Writing automated tests to prove software works correctly is now well established and relying solely or even primarily on manual testing is considered a “very bad sign”. A comprehensive automated test suite gives us a great deal of confidence that if we break something we’ll find out before it hits production.
Despite that, automated tests shouldn’t be our first line of defence against things going wrong. Sure they’re powerful, but all they can do is point out that something is broken, they can’t do anything to prevent it being broken in the first place.
So when we write tests, we should be asking ourselves, can I prevent this problem from happening in the first place? Is there a different design which makes it impossible for this problem to happen?
For example, checkstyle has support for import control, allowing you to write assertions about what different packages can depend on. So package A can use package B but package C can’t. If you’re concerned about package structure it makes a fair bit of sense. Except that it’s a form of testing and the feedback comes late in the cycle. Much better would be to split the code into separate source trees so that the restrictions are made explicit to the compiler and IDE. That way autocomplete won’t offer suggestions from forbidden packages and the code won’t compile if you use them. It is therefore much harder to do the wrong thing and feedback comes much sooner.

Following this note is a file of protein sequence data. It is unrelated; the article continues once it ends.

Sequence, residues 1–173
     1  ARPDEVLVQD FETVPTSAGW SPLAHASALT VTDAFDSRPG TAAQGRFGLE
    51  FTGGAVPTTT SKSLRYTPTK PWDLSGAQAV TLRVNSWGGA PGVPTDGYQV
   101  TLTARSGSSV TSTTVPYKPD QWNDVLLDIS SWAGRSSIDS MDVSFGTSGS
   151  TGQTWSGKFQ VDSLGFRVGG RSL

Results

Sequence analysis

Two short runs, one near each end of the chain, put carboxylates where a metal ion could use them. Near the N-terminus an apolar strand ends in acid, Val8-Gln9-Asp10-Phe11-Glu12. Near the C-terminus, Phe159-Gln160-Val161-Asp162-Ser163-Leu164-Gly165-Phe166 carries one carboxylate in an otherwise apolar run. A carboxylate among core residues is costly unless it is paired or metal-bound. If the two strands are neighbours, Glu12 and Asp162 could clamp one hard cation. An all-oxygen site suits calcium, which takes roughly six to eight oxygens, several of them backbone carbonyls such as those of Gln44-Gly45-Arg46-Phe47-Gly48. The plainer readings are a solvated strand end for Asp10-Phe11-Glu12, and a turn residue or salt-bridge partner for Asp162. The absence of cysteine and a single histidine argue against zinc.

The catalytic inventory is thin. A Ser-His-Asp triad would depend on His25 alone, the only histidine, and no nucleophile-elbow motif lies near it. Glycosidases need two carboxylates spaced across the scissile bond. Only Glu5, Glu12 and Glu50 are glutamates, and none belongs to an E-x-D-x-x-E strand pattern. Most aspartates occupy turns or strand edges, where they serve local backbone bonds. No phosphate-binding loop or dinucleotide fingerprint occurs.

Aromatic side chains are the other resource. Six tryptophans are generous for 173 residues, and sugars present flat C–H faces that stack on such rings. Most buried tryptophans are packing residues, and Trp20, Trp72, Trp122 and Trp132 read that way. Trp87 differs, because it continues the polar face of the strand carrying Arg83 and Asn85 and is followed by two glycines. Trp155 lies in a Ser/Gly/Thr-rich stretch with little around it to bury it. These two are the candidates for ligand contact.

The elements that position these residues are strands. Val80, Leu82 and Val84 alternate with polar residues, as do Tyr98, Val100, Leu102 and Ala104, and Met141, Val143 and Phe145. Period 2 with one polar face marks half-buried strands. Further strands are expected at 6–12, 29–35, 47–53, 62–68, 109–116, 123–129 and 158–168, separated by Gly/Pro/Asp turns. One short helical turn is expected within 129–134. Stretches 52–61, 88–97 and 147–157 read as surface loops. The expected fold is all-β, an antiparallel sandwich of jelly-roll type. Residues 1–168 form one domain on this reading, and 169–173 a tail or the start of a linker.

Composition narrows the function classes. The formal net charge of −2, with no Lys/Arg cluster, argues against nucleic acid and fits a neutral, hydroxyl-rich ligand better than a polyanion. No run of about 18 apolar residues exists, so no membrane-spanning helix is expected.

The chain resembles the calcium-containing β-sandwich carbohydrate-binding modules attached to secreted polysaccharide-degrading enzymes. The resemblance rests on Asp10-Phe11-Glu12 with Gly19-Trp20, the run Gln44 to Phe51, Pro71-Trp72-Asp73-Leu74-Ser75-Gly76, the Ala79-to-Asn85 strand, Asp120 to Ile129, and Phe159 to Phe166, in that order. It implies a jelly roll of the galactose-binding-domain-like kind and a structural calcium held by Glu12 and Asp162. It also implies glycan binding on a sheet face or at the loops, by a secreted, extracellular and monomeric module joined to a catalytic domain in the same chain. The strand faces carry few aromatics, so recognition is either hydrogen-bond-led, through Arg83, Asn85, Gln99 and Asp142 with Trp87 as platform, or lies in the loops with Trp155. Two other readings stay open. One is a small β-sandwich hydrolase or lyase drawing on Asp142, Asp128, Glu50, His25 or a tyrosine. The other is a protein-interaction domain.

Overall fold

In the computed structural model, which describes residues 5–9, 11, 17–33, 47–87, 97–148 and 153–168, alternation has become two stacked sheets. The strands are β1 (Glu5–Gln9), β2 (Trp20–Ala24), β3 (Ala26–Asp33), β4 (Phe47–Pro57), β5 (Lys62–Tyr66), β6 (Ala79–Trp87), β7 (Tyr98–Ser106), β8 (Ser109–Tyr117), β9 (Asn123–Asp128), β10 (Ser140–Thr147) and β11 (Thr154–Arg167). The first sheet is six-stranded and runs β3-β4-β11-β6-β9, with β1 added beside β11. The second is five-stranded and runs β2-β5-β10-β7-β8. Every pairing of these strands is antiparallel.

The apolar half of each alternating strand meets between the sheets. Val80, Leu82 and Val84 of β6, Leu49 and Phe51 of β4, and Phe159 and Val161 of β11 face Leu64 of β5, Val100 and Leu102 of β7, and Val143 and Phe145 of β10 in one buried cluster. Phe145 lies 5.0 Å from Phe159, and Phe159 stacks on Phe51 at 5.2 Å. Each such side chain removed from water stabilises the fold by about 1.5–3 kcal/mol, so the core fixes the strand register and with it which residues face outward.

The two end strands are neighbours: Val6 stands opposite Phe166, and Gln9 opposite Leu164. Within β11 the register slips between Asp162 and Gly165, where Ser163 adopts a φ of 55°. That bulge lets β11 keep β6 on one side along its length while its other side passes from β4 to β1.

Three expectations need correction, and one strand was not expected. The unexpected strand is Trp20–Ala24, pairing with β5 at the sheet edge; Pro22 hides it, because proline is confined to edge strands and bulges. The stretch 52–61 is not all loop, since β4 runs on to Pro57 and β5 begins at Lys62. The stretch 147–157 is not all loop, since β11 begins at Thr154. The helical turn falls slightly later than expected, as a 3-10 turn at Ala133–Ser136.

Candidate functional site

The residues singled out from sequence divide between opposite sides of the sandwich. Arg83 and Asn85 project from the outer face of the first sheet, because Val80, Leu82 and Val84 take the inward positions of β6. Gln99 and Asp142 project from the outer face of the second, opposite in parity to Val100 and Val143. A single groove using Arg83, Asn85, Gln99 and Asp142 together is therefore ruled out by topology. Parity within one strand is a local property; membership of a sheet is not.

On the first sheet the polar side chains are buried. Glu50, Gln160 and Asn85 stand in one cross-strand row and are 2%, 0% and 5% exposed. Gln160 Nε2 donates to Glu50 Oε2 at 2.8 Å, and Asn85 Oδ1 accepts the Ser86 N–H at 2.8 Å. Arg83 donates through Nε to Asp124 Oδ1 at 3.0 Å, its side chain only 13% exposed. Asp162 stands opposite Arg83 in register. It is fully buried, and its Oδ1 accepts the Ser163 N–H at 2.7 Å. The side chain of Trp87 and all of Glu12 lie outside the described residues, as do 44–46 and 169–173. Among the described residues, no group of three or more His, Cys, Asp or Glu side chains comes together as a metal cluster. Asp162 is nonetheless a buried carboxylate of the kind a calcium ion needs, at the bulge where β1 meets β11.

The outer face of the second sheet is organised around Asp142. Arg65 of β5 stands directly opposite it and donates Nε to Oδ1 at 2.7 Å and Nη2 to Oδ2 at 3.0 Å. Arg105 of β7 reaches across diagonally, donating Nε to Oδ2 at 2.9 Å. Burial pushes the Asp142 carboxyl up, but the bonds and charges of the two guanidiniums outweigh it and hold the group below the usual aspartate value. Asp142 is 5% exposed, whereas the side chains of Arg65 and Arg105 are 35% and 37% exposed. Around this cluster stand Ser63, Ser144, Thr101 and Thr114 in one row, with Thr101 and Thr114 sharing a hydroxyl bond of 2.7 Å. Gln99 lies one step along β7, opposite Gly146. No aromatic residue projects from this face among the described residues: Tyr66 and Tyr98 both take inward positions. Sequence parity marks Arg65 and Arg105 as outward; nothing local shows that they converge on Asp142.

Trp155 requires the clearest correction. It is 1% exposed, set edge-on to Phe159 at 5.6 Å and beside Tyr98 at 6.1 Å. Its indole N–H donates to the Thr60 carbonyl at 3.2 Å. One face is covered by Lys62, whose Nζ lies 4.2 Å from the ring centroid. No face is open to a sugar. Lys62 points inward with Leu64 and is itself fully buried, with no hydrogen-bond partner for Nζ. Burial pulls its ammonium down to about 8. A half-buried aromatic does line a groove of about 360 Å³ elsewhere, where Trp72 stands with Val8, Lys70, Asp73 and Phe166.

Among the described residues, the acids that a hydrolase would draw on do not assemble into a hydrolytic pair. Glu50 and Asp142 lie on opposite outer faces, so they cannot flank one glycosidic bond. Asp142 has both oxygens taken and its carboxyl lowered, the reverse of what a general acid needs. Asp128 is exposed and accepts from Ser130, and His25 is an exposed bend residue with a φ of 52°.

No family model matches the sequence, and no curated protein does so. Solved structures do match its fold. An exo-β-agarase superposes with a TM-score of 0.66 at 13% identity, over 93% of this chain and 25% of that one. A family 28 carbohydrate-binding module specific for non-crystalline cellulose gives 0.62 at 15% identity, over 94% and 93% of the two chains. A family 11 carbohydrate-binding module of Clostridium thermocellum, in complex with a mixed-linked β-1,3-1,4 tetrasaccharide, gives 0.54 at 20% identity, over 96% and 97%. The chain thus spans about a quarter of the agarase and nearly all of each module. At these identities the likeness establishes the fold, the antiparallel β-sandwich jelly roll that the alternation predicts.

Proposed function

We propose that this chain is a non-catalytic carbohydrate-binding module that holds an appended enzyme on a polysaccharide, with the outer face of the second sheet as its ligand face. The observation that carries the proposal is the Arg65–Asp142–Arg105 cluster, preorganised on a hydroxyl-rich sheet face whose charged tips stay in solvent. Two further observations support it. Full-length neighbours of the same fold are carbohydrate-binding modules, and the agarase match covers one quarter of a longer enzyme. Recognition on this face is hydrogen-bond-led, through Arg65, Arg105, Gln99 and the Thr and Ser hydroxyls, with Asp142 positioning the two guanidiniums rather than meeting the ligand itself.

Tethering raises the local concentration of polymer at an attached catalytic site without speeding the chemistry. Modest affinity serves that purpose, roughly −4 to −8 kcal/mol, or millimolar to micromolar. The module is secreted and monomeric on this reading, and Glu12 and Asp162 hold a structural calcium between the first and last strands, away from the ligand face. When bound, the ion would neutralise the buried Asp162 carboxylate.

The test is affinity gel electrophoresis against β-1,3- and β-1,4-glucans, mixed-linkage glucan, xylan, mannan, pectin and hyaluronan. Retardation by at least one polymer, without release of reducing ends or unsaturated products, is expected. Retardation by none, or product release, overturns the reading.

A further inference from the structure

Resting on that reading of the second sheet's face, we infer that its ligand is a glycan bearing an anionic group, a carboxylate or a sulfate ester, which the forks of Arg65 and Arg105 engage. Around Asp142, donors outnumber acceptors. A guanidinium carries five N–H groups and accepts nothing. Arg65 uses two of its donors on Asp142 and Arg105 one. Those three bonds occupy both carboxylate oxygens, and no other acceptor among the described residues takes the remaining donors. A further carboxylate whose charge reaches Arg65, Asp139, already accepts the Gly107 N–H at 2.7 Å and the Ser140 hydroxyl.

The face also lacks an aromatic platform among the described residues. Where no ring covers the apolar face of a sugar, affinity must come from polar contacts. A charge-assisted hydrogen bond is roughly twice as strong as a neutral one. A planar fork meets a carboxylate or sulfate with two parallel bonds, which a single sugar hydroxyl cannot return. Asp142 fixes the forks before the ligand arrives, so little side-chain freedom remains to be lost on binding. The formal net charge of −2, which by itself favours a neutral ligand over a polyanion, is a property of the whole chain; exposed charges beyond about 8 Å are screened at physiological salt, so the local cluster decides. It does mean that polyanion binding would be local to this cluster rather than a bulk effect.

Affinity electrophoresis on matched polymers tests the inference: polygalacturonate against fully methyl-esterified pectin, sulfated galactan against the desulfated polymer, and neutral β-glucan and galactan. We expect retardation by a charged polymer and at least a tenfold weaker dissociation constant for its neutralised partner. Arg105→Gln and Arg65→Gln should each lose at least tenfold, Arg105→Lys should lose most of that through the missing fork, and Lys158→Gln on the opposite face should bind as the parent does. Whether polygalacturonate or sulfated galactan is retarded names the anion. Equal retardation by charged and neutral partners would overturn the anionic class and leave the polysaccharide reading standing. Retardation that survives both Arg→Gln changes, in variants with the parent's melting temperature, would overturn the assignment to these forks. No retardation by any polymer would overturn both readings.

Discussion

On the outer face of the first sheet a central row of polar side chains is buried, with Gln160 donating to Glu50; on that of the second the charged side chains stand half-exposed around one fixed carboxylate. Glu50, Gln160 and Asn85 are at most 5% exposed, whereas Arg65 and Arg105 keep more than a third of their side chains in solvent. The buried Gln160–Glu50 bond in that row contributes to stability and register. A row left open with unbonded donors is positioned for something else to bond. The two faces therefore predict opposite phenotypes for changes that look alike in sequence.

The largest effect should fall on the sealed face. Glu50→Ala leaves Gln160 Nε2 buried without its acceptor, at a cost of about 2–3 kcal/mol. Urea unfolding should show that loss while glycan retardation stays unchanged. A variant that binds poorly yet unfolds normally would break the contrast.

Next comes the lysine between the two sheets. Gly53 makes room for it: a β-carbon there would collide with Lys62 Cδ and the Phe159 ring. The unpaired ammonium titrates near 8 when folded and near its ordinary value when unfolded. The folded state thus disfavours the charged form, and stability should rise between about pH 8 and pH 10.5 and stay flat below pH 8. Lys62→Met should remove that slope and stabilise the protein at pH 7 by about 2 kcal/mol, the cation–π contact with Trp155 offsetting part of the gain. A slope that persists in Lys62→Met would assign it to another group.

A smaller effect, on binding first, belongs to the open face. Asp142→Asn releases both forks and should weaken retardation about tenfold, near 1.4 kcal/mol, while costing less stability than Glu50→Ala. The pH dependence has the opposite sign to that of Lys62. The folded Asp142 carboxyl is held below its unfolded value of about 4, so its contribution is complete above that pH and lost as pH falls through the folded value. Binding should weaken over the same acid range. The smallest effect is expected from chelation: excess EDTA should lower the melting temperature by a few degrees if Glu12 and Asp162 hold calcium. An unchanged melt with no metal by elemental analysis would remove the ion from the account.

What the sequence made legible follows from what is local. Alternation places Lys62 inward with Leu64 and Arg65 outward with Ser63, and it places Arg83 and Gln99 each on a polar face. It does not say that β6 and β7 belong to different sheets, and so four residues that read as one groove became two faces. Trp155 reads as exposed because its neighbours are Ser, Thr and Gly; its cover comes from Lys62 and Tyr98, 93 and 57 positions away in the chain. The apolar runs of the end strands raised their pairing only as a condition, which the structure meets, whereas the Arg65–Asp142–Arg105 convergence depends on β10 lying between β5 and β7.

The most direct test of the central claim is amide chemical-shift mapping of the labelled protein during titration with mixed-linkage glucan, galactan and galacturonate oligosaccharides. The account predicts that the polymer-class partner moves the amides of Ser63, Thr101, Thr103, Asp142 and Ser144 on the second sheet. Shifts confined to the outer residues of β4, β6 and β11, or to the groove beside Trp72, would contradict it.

Each time we write an automated test, we’re admitting that there is a reasonable likelihood that someone could mistakenly break it. In the majority of cases an automated test is the best we can do, but we should be on the look out for opportunities replace automated tests with algorithms, designs or tools that eliminate those mistakes in the first place or at least identify them earlier.